In the corporate world, it’s common for top executives to be recruited from outside the firm, even outside the industry.  But in American politics, convention and sometimes law require politicians to have longstanding ties to the geographic areas they ostensibly serve.  

That shrinks the market for politicians: If a governor has apparently done a good job running a small state, why not bring her in to run a bigger state?  Why shouldn’t Americans be able to at least consider Tony Blair or (after his term ends) Manmohan Singh for President?  
It’s not like it hasn’t happened before.  In the late 1600’s, the British had the right idea: Look around the world, find the biggest economic powerhouse, and import their CEO.  
You can see why the Dutch stadtholder William of Orange (half of the future William and Mary) was so appealing: The Netherlands was The First Modern Economy in the words of de Vries and van der Woude.  Plus William looked good on a horse:
The history books usually talk about the religious disputes that led to William of Orange’s rise to the British throne, but economic motives–or at the very least, national status hierarchies–had to be in play as well.  When you don’t know where success comes from–when the production function is a mystery–you might as well copy the market leader’s every detail (if the opportunity cost isn’t too high).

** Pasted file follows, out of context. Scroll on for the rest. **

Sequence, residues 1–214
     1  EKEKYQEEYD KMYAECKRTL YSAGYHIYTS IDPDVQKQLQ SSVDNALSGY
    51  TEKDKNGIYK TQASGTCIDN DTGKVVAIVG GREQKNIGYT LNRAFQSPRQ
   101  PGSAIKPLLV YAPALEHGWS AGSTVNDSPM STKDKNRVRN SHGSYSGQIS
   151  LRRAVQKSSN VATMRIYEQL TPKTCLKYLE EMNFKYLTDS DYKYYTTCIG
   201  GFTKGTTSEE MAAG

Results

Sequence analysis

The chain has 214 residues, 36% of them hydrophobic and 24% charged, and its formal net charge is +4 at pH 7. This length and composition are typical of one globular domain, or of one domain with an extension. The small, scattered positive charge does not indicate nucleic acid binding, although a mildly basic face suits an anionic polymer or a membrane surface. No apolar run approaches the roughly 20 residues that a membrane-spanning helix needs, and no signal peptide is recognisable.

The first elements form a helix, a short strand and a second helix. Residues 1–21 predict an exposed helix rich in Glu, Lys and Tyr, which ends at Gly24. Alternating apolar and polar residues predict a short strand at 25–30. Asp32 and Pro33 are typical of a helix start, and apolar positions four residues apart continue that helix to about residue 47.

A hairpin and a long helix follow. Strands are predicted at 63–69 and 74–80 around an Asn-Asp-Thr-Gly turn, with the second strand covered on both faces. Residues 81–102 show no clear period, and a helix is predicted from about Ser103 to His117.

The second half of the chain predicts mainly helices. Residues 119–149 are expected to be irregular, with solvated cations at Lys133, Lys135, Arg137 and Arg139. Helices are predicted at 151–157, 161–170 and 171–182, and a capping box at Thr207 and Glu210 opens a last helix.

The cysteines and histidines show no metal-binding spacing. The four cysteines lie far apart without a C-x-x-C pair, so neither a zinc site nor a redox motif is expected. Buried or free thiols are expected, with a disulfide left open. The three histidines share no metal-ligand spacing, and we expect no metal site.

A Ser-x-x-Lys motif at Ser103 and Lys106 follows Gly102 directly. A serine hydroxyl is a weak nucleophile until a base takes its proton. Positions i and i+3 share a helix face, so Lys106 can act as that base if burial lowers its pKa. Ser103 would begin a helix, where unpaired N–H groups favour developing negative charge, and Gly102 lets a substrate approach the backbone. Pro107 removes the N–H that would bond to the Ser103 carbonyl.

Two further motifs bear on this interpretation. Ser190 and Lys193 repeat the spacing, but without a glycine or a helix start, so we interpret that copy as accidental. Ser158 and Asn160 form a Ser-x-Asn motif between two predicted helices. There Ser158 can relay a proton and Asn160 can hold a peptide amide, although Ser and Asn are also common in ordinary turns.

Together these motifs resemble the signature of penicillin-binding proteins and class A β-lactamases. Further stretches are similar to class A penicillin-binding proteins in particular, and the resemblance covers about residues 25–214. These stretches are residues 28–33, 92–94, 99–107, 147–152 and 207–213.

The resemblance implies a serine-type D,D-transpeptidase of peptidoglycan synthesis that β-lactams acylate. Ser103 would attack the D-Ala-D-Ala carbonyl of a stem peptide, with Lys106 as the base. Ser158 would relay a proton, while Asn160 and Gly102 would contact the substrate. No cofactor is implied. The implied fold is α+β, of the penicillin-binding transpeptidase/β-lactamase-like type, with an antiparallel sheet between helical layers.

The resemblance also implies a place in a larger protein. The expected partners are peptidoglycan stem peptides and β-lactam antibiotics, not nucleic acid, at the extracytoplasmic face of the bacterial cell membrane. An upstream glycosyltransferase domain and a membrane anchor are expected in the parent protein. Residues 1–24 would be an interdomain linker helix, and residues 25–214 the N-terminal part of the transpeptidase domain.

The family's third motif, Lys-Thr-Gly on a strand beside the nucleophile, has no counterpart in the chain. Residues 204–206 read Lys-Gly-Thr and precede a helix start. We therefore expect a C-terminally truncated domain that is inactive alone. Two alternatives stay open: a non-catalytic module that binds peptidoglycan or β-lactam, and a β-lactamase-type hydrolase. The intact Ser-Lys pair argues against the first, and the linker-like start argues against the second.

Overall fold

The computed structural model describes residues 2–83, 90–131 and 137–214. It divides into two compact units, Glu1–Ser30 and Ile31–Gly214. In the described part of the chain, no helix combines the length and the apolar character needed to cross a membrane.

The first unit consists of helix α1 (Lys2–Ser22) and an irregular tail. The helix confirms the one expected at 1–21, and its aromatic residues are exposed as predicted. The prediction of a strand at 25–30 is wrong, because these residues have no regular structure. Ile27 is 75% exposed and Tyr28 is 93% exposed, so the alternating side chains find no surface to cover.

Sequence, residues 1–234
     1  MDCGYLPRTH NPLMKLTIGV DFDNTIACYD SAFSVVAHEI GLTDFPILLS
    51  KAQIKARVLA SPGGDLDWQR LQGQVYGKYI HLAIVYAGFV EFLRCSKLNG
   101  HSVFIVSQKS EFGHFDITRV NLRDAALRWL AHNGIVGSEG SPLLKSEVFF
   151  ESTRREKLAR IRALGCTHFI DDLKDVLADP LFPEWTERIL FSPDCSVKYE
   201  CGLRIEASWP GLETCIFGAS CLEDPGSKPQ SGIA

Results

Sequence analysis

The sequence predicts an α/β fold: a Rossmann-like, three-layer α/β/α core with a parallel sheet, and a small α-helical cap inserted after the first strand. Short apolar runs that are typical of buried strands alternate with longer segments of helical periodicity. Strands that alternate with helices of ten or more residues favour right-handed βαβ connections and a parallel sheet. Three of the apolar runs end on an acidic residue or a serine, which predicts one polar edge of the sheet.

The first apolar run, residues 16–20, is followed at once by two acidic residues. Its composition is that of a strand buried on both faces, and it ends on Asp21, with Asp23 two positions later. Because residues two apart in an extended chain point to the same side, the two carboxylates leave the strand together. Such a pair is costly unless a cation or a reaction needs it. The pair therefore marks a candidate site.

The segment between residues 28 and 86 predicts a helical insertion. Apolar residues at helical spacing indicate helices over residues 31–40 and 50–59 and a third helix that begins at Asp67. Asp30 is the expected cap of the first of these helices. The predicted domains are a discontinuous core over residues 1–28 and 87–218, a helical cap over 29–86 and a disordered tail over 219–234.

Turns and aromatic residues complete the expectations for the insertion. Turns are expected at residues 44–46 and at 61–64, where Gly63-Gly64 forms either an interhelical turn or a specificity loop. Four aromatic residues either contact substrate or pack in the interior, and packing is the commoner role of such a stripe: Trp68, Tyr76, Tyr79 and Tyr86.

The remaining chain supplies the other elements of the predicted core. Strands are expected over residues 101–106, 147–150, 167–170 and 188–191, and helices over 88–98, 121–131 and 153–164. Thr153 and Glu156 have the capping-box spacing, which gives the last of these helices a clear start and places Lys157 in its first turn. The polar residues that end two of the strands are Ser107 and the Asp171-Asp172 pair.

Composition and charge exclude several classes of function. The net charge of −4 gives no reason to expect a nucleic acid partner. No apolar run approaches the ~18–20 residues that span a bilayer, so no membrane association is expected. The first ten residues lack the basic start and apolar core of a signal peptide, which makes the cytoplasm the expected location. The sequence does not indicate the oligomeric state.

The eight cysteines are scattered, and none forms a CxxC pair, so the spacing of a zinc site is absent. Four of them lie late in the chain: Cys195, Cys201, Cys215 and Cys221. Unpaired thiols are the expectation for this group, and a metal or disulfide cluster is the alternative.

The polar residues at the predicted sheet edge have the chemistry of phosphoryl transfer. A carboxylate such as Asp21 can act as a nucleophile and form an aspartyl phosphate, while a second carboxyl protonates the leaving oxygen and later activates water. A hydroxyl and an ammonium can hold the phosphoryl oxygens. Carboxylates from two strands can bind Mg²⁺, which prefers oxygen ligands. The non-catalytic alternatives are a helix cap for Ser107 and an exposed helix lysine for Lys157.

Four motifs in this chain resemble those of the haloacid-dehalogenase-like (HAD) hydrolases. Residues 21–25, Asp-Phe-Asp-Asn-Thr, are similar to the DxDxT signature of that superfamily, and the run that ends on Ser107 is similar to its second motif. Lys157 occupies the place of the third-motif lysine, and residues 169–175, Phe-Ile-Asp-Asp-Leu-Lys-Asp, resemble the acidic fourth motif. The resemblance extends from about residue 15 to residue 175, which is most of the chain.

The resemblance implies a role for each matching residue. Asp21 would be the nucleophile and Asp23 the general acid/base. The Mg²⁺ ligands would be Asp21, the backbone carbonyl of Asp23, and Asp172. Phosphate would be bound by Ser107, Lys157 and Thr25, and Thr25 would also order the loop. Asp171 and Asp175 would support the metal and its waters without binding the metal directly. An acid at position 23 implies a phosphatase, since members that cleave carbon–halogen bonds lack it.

Yes, you can go too far, one of the many points Spike Lee was likely making in this excellent commercial.  But CEOs matter, so you should at least consider an external hire.  In American politics, we don’t do that. 
Most of the barriers to political imports seem cultural: To many voters, it just seems weird to have a mayor from Albuquerque run for mayor of Seattle.  But nobody blinks if the CFO of mid-size bank becomes CEO of a larger one.  In other words, here, as in so many cases, we should blame voters for democratic failure.  
From the comments: Hadur notes that the Poles and Hungarians often imported their kings (wiser to shop around when the local sourcing market is small), and Thacker notes that Sam Houston was governor of Texas and Tennessee.  
Houston is still the only person to serve as governor of two U.S. states.  The absence of gubernatorial recycling is prima facie a failure of U.S. political markets.